A leaked chapter of the final Trans-Pacific Partnership (TPP) agreement proposes several changes to the copyright laws of participating countries. The intellectual property chapter covers a broad range of issues including extended copyright terms, ISP liability and criminalization of non-commercial piracy.
The Trans-Pacific Partnership (TPP) is a multinational trade agreement aimed at strengthening economic ties between the United States, Canada, New Zealand, Japan and eight other countries.
Earlier this week the participating countries agreed on the final text, and a few days later Wikileaks published a leaked copy of the intellectual property chapter, which has yet to be officially revealed.
The final version removes the uncertainties that were present in previous drafts and raises serious concerns among many copyright experts and activists.
If the agreement is ratified the copyright term will be set to the life of the author plus 70 years. This is already the case in the United States, but Canada will have to extend the current term by 20 years.
This is a step backward according to Canadian law professor Michael Geist, who says that the change might cost the Canadian public more than $100 million per year.
“Hundreds of well known Canadian authors and composers who died years ago will not have their work enter the public domain for decades,” Geist notes.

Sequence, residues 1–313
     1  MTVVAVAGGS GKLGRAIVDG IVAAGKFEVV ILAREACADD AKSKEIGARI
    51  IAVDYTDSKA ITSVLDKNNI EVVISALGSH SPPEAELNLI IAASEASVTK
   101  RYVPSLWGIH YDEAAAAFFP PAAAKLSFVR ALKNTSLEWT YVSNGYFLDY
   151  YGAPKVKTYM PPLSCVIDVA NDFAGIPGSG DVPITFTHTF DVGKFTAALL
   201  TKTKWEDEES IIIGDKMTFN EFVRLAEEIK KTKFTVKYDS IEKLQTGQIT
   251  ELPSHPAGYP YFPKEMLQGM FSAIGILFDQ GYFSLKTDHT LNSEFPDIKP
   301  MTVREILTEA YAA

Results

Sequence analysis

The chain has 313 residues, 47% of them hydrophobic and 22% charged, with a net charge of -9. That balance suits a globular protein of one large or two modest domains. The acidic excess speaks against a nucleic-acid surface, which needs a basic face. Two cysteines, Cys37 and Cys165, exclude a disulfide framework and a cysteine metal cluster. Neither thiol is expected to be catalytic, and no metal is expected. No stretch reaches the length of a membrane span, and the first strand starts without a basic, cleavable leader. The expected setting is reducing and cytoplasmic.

The TPP chapter also outlines how Internet services should deal with copyright infringement. It includes an ISP liability section which mimics the DMCA, but it leaves room for the Canadian notice-and-notice scheme to stay intact.
A more vague provision suggests that countries should encourage ISPs (including search engines and hosting services) to remove or disable content, if a court deems it to be copyright infringing. This means that foreign court orders could be applied to block content in other countries.
The above is worrisome, but the actual text specifies that countries should “induce” ISPs, not force them.
In a similar vein, the agreement specifies that countries should offer ISPs “legal incentives” to “cooperate with copyright owners to deter the unauthorized storage and transmission of copyrighted materials…”
Again, this doesn’t mean that all ISPs have to monitor for copyright infringements, but it will ‘reward’ those who do.
According to the Electronic Frontier Foundation, who released a detailed analysis, this effectively means that ISPs “are roped in as copyright enforcers.”
Another point of interest are the criminal sanctions for non-commercial copyright infringement TPP proposes, which currently don’t exist in many countries. This means that people may face jail time for copyright infringements without financial gain, as long as those infringements significantly impact copyright holders.
Finally, if TPP is ratified the circumvention of DRM will be banned as well. In addition, manufacturers will not be allowed to sell circumvention tools such as DVD or Blu-Ray rippers.
This means that Canada’s proposal to classify DRM-circumvention as fair use has failed, although the TPP allows countries to pass exceptions to allow non-infringing DRM circumvention.
While the TPP won’t end file-sharing or kill the Internet, as some suggest, it certainly puts the interests of large multinationals before those of the average citizen. As such, we can expect plenty of opposition leading up to the final votes.